On March 5, 1913, a 38-year-old music schoolmaster wrote to a friend about the premiere of his latest composition, The Cloud Messenger: “ The Clouddid not go well and the whole thing has been a blow to me. I’m fed up with music, especially my own”. The sentiments were expressed by a man unable to find favour in a rapidly shifting musical Zeitgeist: Schoenberg’s atonal revolt had turned the landscape on its head, and Stravinsky’s The Rite of Springwas only months away from causing an aesthetic cataclysm in Paris.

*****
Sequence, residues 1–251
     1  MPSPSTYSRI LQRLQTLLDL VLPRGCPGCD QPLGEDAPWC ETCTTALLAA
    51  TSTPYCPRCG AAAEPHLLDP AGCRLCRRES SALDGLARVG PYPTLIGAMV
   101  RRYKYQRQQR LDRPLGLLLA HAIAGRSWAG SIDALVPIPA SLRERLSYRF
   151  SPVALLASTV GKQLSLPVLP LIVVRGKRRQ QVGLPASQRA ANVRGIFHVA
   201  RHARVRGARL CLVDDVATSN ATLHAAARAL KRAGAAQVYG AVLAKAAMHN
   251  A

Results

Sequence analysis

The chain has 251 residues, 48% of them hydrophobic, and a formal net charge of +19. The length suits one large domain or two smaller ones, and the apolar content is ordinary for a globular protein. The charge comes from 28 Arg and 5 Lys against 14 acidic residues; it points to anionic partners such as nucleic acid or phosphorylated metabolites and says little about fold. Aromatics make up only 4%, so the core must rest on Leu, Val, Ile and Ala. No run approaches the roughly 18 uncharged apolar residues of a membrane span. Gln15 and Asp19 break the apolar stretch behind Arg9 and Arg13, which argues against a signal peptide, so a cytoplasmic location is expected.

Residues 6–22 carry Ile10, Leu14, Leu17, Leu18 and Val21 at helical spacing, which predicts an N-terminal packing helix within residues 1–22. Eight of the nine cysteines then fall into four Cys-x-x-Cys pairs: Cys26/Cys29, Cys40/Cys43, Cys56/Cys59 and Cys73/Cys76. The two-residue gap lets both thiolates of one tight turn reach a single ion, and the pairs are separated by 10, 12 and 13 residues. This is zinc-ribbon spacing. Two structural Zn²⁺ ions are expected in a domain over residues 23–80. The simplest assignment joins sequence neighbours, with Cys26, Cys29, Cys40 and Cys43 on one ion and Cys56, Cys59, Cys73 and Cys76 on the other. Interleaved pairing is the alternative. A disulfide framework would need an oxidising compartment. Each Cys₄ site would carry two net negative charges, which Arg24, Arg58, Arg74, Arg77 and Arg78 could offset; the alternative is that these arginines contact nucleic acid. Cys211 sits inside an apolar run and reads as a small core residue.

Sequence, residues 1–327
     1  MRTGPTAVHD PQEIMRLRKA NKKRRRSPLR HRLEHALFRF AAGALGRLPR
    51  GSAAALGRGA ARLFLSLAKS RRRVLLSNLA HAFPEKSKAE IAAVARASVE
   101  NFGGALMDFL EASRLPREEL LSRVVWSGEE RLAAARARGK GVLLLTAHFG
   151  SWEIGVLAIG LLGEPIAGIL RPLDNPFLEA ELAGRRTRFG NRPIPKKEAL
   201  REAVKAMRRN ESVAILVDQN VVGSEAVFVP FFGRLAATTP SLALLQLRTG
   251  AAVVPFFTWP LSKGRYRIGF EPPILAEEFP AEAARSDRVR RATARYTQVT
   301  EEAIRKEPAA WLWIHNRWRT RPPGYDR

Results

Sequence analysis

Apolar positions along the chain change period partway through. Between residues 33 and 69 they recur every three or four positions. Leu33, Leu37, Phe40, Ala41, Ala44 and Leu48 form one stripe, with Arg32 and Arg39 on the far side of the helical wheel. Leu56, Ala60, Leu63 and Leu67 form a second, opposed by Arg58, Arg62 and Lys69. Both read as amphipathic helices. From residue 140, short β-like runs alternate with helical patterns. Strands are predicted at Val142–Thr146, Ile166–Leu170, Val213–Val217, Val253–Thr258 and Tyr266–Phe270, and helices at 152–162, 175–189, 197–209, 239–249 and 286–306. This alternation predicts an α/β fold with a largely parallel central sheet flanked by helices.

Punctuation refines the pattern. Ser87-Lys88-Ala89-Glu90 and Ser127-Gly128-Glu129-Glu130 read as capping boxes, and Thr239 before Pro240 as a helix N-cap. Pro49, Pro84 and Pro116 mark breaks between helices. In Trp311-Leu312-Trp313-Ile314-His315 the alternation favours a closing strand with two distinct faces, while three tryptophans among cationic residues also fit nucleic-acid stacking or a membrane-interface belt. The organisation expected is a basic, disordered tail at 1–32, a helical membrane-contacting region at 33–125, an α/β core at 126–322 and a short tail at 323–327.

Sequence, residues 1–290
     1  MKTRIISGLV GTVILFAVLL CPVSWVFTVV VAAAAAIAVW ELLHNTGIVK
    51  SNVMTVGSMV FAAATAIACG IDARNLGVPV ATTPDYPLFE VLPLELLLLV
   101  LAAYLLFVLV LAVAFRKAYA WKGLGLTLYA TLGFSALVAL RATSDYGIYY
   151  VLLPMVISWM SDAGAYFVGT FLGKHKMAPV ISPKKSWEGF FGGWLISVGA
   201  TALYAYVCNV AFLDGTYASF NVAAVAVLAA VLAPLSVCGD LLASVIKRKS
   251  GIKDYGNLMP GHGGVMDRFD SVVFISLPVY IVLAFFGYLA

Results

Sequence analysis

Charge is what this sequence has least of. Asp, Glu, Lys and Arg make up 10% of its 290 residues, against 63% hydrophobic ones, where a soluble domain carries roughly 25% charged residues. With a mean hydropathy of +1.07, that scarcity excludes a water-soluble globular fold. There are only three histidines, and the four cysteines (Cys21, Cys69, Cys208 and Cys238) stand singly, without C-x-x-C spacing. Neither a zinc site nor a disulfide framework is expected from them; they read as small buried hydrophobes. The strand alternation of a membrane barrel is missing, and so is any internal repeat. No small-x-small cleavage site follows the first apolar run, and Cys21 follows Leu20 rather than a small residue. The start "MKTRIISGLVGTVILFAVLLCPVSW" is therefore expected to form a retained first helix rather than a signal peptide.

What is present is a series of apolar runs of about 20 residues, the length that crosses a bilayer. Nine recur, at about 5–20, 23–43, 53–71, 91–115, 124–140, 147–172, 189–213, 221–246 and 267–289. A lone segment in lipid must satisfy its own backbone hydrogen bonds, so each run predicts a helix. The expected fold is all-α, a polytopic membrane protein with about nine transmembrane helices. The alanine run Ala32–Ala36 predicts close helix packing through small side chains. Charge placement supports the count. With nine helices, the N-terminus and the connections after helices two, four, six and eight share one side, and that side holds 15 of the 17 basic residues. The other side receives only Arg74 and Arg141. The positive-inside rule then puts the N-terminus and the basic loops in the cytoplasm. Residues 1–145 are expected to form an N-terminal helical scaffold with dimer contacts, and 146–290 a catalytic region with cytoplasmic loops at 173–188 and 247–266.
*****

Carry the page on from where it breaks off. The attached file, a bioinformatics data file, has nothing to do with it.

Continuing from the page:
Seven years later, The Sunday Timescritic Ernest Newman declared the schoolmaster to be “one of the subtlest and original minds of our time”. He was referring to Gustav Holst, following the premiere of his orchestral suite The Planets.
What is The Planetsreally all about and how did this once-insecure schoolmaster manage to produce a work of such lasting significance?